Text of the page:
Being someone that speaks from a stage as well as teaches at workshops, the message +John Falchetto writes hits home for me:
The goal of presenting is not to teach the audience. Rather, the goal is one of learning, with the ultimate hope that the audience hears the message, feels like they’re part of the conversation, learns from said message and the inspiration that enters their head, and then, most of all, leaves that room and actually does something.
I've been teaching tech since 1989 (whoa). I first spoke on a stage in front over over 100 people in 1990 at 19 years old. I wasn't even old enough to have a drink at the speakers reception afterward – but it was my very first glass of wine (shhh). It's taken me a long time to realize and separate the speaking from the teaching. I always tried to "teach from the stage" as I was horrified of coming across as a fake and not knowing my materials. So, I crammed facts and lessons down the eyeballs of my audience. It's only in the past few years I've learned how to embrace the storytelling aspect of the stage and treat it as an inspirational and entertaining vehicle. I fear not being perceived as offering value and to me knowledge is value. Now I see value is also inspiration and motivation and courage.
I'm pretty certain my online 'voice' matches my 'stage' or 'training' voice, but that might just be my personality in general (and the fact I'm a bit over the top and crazy). I'm not saying I'm blessed with natural talent or anything, but just experience and practice. There are a lot of people that are much better writers, bloggers, and content producers than I am – but some of them lack basic in-person social and/or presenting skills.
It can be learned and it can be practiced. Above all else be open to constructive criticism. The worst talk I ever did in my life was a TEDx talk. For a multitude of reasons, when I left the stage I walked right out the room (thankfully it was a scheduled break…) and numerous friends and strangers told me not to worry, public speaking isn't for everyone. Of course they had no way of knowing it's how I make part of my living. OUCH. With tears in my eyes, I stood and listened to people's comments and suggestions, had a few large glasses of merlot that night, and took everything to heart.
And I learned. And practiced like I was going to be on American Idol.
No matter how much you write or speak, there is always room for improvement.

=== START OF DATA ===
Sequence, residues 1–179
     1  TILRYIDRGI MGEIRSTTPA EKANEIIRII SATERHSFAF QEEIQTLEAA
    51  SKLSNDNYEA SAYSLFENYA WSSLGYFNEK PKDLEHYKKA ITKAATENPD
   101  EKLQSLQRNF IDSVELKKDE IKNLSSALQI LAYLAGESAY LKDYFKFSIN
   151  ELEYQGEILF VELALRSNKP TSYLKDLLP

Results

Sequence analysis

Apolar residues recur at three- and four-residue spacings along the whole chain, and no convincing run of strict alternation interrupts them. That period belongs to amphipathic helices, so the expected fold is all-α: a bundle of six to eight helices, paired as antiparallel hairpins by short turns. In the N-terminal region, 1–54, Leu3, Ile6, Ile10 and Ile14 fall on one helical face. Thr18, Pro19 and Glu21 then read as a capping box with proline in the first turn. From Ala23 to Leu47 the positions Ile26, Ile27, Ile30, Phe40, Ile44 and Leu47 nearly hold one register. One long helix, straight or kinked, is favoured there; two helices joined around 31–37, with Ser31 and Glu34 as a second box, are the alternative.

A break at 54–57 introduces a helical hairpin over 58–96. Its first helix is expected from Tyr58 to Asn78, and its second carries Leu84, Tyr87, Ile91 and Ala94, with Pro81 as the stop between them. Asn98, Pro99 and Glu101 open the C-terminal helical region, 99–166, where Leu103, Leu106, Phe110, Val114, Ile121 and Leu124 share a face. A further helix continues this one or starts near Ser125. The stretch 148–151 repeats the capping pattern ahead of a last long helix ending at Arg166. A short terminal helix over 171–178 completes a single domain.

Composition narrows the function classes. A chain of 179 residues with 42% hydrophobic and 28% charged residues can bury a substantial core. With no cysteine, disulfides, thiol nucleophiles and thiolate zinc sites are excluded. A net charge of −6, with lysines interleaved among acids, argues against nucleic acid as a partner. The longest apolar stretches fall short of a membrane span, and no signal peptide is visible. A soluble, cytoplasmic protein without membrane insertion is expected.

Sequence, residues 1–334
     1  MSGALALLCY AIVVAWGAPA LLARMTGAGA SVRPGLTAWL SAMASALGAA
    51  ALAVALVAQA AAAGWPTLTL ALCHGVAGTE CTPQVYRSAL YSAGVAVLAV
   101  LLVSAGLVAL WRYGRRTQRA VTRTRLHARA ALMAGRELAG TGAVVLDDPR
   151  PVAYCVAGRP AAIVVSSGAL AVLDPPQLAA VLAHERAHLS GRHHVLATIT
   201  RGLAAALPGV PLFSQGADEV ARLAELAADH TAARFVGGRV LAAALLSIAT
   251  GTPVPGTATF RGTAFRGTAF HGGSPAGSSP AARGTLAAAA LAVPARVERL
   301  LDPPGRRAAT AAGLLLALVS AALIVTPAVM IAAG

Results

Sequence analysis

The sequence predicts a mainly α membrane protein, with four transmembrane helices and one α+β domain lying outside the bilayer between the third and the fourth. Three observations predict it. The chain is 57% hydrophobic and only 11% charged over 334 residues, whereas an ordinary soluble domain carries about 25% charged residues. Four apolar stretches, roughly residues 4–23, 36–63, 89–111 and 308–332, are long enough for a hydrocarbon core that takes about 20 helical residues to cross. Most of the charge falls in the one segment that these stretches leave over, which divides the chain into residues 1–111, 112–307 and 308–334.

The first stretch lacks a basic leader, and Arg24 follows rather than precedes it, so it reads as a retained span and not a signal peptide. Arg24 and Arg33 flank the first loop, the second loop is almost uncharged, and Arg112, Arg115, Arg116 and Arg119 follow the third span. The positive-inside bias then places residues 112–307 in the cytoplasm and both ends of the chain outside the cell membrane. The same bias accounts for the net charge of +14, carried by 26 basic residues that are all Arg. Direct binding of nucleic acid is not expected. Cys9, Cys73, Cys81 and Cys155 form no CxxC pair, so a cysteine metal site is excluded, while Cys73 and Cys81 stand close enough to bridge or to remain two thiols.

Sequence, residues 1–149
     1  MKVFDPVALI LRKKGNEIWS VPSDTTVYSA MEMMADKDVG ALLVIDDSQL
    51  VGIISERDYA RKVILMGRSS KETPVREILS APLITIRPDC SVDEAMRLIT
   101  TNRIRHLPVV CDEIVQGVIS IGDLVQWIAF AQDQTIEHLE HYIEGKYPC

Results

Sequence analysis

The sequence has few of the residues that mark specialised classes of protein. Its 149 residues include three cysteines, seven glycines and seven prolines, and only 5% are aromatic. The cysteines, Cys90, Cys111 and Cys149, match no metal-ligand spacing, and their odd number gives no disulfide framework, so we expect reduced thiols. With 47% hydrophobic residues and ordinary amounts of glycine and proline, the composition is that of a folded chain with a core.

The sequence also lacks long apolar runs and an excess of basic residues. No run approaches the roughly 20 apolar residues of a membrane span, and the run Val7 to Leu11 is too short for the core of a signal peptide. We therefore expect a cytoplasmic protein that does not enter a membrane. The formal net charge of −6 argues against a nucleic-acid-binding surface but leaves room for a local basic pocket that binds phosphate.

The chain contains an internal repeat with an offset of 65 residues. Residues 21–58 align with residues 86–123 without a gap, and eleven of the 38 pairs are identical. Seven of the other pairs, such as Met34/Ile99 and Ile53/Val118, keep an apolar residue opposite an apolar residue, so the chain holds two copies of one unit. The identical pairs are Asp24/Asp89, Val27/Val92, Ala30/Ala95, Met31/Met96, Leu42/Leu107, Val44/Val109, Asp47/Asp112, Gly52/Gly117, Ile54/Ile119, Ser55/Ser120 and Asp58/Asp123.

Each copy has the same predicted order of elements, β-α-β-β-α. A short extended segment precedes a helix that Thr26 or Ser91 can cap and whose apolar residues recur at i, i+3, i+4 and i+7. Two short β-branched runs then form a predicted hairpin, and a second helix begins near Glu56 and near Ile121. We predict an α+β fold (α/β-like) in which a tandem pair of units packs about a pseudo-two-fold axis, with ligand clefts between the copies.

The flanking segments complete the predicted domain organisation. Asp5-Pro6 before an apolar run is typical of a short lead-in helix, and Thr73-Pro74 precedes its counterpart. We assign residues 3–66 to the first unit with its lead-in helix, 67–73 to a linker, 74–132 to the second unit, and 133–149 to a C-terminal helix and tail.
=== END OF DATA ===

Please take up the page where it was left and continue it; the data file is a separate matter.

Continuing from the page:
Reshared post from +John Falchetto
This is why I decided today to briefly express why there is often a “let down” of sorts when a blogger or social media “icon” is seen speaking in person. via +Marcus Sheridan
Why Great Bloggers Often Don’t Make for Great Speakers
[caption id="attachment_4921" align="aligncenter" width="551" caption="Presenting a Social Slam– I get a little "social" with my friend Mark Schaefer"…
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I did a keynote a few months back on innovation. Didn't really convey anything that the majority of the audience didn't know – the primary purpose was to inspire and get them to look for opportunities for improvement and innovation in their own lives and workplaces. Excellent point +Lynette Young!
Same reason most bloggers write bad books. Two completely different skill sets.
People who write are often not very good public speakers, most of the best writers are naturally introverted. Many people who write, and write a great deal, do so because that is where they can find a voice and an audience in a media they are comfortable with. Public speaking, performance, and presentation is a skill onto itself. We should not make such irrational conclusions that if a person is a good writer that they are good at making speeches.
So true! Writing is much different than speaking. A lot of us here at Prager have found that monotone voices are what make people even harder to listen to when they speak.
John's right. If bloggers (and everyone else) did three simple things, they'd be much better speakers: 1. Tell more stories. 2. Use less PowerPoint and 3. Practice out loud.
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